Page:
A third wave of cyber attacks hit South Korea on Thursday evening, blocking or impeding access to official and private websites, amid suspicions North Korea or its supporters are to blame.
AhnLab, a South Korean developer of anti-virus software, had forecast the virus, which hit dozens of US and Korean sites this week, would return at 6:00 pm Thursday and hit seven domestic sites.
"The third attack was bigger than our office had predicted, affecting some of the sites also hit earlier in the week," a company official told AFP around 7:00 pm. He had no immediate figures on the number of sites hit.
The websites of parliament, the defence ministry, the foreign ministry and the National Intelligence Service were either responding slowly or shut down intermittently.
The largest bank, Kookmin, also said access to its website was blocked at one point and it was trying hard to normalise Internet banking.
Officials at the government's Korea Information Security Agency told Yonhap news agency the damage appeared less serious Thursday thanks to concerted efforts to combat the problem.
Hackers have planted the viruses in thousands of personal computers in South Korea and overseas. In what is called a "distributed denial of service" (DDoS), they are programmed to swamp selected websites at selected times.
The White House, State Department and Pentagon websites were among government entities targeted this week in the United States, experts said, along with private institutions.
In response, the South Korean military said an information security command will be launched on January 1, two years earlier than planned, and become operational six months later.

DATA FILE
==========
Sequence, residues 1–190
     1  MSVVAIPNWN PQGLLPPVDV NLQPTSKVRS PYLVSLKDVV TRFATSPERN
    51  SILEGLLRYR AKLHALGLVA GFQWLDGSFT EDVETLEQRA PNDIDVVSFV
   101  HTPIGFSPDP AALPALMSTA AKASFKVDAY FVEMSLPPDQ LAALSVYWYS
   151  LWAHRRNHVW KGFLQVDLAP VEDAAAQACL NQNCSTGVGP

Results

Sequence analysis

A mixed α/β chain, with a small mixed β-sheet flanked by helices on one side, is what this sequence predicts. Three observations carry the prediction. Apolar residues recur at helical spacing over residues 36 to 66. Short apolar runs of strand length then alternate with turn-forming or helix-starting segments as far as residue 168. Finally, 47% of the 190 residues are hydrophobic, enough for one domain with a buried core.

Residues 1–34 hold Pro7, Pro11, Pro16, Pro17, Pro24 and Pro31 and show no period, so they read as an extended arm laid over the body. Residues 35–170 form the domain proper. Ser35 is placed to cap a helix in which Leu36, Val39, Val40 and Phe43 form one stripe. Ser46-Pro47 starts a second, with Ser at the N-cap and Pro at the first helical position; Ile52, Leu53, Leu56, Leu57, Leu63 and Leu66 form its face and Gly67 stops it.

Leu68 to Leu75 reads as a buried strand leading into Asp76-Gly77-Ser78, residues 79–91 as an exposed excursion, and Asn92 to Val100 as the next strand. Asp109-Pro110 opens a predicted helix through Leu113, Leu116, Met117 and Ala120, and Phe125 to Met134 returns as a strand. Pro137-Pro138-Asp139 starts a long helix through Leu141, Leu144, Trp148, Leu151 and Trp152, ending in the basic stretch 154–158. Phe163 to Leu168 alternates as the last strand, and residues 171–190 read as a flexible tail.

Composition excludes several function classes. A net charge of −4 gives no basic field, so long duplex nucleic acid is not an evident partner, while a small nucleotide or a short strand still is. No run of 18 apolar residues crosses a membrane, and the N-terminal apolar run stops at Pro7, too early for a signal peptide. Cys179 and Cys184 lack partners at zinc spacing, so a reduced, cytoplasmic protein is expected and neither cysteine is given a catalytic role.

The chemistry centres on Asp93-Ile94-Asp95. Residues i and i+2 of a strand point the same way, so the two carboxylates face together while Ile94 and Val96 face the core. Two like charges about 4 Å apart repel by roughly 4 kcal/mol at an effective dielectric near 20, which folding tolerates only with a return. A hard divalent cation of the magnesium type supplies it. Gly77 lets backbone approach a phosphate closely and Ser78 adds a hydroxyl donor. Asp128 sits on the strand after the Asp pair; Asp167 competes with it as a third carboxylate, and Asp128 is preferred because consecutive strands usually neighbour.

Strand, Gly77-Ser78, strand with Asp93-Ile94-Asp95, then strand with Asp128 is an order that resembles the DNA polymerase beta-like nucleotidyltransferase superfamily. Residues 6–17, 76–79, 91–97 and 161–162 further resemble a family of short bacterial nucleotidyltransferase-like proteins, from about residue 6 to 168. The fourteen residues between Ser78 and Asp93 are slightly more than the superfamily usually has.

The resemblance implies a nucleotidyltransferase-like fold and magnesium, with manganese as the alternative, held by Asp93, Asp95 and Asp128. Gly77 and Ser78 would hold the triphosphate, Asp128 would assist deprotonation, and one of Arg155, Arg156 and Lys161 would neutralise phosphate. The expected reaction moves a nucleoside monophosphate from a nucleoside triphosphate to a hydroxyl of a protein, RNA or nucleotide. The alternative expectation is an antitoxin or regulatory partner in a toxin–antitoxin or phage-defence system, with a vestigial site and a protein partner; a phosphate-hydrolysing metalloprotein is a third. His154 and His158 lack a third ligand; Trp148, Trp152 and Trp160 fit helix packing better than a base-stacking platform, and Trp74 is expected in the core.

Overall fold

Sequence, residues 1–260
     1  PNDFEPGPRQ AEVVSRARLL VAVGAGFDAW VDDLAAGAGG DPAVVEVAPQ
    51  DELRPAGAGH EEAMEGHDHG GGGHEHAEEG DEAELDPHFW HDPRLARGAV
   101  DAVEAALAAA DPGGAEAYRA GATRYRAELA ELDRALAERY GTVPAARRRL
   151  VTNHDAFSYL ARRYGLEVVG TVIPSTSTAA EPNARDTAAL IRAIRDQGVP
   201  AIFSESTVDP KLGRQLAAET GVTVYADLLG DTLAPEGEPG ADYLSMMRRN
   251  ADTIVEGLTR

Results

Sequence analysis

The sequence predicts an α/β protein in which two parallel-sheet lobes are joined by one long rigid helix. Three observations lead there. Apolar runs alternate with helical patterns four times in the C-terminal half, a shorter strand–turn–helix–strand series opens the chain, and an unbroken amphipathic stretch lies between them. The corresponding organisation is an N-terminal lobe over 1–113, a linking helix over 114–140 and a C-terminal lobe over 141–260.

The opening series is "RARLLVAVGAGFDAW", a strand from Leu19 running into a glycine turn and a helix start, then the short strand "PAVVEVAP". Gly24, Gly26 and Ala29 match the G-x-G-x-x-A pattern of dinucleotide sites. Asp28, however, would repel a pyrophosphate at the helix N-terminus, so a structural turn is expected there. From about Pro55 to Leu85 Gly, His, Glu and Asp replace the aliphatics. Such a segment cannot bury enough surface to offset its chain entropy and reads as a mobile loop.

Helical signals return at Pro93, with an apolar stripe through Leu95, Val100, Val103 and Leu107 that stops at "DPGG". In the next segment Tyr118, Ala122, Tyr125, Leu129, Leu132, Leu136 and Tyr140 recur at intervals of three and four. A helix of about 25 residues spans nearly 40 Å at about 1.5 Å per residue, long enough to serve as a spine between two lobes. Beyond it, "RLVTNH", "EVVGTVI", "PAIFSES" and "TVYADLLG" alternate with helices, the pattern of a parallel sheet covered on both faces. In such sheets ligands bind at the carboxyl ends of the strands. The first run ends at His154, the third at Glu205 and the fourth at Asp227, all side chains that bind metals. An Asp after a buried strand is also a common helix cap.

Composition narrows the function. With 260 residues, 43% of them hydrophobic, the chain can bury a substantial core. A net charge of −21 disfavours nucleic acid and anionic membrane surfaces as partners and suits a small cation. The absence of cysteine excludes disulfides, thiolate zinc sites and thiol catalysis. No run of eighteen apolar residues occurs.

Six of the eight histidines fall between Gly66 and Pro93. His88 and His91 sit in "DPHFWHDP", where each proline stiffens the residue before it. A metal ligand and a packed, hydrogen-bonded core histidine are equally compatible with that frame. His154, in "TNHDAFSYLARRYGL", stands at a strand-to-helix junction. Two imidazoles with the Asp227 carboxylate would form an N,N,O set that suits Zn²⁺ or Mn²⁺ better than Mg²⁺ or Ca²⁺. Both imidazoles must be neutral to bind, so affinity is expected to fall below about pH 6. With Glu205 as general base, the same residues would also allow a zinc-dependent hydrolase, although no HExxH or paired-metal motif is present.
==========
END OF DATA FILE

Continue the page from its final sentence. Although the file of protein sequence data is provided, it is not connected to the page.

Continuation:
The National Intelligence Service (NIS) said 12 South Korean and 14 US organisations were hit in the first wave early this week.
It said a second wave of attacks Wednesday was aimed at domestic banks and a security solution provider.
The NIS has not publicly suggested who is mounting the attacks.
But it told members of parliament's intelligence committee Wednesday that it believes the North or its sympathisers may be to blame, according to several legislators.
The North has staged a nuclear test and numerous missile launches in recent weeks, raising regional tensions. A cyber attack, if confirmed, would be a new tactic.
Yonhap quoted an NIS report to the committee as forecasting potential "financial chaos" in the event of a larger cyber attack.
It said the daily value of all online transactions in South Korea -- one of the world's most wired nations -- is six trillion won (4.7 billion dollars).
The NIS said the internal networks of the Seoul government are safe and no information has been leaked.
The Korea Information Security Agency said most sites had been restored after the first attacks began in the country late Tuesday -- using 12,000 domestic PCs and 8,000 abroad.
However it said the second round -- using 29,000 "hijacked" PCs -- hit one foreign site and 15 domestic sites, including government agencies, banks and a security solution provider.
Kwon Tae-Shin, senior secretary to the prime minister, described the viruses as "an attack on our system and a provocative activity which poses a threat to our security."
He was speaking after chairing a vice minister-level meeting on the incidents.
"This is the worst cyber attack I have seen in my 15-year career," AhnLab CEO Hongsun Kim told reporters. "This is an online equivalent of 9/11.
"I don't think an individual hacker can do this. This is an organised attack," he said, adding "very complicated" codes are being planted.